Today is my day of rest. I stay comfortable and still, as my mind and body heal from the little abrasions of the week. I generally watch something with my almost grown kids, love on my sweetie, eat well and nourishing foods. I dismiss the work that waits for me–it can wait one more day. Not taking a rest day, for me, is like trying to drive on a flat tire instead of taking the time to fix it properly–the car will go, for a while, but inefficiently and will eventually break down.
Taking a Sabbath is no longer a commandment for us, though. Jesus told us that the Sabbath was made for man, not man for the Sabbath. I think some people consider a Sabbath rest a mandatory thing, a have-to, and that is fine for them. That is where their conscience lies, and it is not anyone’s business to try to convince them beyond their conscience about which days are important and which are not
“4Who are you to judge the servant of another? To his own master he stands or falls; and stand he will, for the Lord is able to make him stand. 5One man regards one day above another, another regards every day alike. Let each man be fully convinced in his own mind. 6He who observes the day, observes it for the Lord, and he who eats, does so for the Lord, for he gives thanks to God; and he who eats not, for the Lord he does not eat, and gives thanks to God. 7For not one of us lives for himself, and not one dies for himself; 8for if we live, we live for the Lord, or if we die, we die for the Lord; therefore whether we live or die, we are the Lord’s” Romans 14:4-8 NASB
For me, though, it is a gift. I think the Lord knew that we would tend to drive ourselves, employees, workers to the ground if He did not demonstrate rest. He offers us the assurance that taking one day off will not end the world. He offers us the assurance, also, that doing good on the Sabbath is acceptable.
I have found that a day of rest is beneficial to myself, my work, and my family. In fact, the more busy my schedule, the more important a Sabbath rest is.
I am tempted, at times, to say “But xyz is good too.”, but I have had to be stern with myself and say “Is this really to benefit others or me? Am I trying to earn money or am I honestly doing something charitable or necessary?”
For example, I work for a farmer in season. Only once in two years did I volunteer a 7-day week and that was an exceptional situation where crops needed to be in before a long line of storms. Even though I could earn much more money if I worked 7 days, and could justify it with “short season crops”, the toll on myself and my family would be too great. My purpose on earth is not to earn money but to love and give to humans, to lead them to Christ, and I can’t do that if I am exhausted and surly.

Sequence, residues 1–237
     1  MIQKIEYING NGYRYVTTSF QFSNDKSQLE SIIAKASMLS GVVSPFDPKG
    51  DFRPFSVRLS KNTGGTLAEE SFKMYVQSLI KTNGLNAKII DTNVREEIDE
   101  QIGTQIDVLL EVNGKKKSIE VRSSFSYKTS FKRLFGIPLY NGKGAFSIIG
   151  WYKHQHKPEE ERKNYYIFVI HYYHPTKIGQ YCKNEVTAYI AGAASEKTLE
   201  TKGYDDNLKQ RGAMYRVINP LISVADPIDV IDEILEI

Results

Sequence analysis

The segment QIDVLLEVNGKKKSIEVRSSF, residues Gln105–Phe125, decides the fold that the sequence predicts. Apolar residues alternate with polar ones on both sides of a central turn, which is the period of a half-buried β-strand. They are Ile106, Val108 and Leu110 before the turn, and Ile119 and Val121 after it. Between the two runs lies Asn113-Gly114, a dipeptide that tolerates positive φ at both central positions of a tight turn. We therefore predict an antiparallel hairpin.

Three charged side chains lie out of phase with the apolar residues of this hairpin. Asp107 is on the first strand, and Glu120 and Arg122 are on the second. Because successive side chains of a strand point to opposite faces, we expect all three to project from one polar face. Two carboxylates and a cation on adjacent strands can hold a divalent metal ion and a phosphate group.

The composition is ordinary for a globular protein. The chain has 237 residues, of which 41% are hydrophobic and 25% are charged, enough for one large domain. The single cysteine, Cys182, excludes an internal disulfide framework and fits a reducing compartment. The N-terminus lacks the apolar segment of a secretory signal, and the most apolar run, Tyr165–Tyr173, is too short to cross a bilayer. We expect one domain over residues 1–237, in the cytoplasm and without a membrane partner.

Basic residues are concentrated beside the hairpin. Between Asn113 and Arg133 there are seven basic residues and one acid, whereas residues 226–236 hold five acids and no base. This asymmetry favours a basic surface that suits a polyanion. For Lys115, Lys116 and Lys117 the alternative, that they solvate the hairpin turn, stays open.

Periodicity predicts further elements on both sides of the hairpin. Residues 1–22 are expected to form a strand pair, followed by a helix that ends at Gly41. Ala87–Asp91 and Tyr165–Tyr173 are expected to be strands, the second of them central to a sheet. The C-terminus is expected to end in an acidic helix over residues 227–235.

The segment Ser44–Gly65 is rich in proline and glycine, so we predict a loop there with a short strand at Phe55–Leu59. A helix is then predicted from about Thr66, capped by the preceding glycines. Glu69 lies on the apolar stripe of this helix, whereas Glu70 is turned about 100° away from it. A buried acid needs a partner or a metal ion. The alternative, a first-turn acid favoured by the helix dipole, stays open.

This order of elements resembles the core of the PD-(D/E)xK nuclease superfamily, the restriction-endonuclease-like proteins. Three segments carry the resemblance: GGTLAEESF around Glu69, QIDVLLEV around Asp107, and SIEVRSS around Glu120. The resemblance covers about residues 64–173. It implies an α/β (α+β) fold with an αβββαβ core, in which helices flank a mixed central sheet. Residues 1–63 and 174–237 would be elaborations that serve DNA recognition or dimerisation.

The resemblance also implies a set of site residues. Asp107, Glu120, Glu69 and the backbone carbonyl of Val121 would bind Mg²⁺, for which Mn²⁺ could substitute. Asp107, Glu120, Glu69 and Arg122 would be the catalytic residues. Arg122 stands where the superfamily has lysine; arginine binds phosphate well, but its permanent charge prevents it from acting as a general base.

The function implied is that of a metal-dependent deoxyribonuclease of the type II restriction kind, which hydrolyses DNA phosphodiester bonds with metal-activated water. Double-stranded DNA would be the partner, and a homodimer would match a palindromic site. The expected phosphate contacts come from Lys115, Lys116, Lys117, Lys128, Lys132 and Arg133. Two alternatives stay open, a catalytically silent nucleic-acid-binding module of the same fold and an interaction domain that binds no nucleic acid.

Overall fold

My Sabbath day sometimes floats. There are times when Saturday is not going to work and I need to take a Tuesday. My situation allows for that flexibility, for which I am thankful.
In any case, I have found a rest day an incredible gift from our Father Who KNOWS His children, knows their drive and limitations. He is in control of our lives, Lord over our finances and work, and still offers us a whole day to rest. If it was good enough for Him, it is good enough for us.
*Note: husbands, especially of young mothers (or wives who have a stay at home father): Your wife needs a day of rest too. Her hours are longer, more grinding than yours. The days are fraught with highly charged, often thankless work. Insist to your spouse and to others that she have a day to sleep in, where the nursing baby is brought to her at night instead of her letting you sleep, that you take the kids out of the house for a few hours (it wouldn’t hurt to have pre-purchased a little candy, perhaps a favorite movie, etc for her to relax with). Invest in your spouse’s rest and you will find that she will have much more peace and stamina the other 6 days of the week. Make it a priority of yours because, if you married a good, earnest person, she almost certainly will not make it a priority of hers.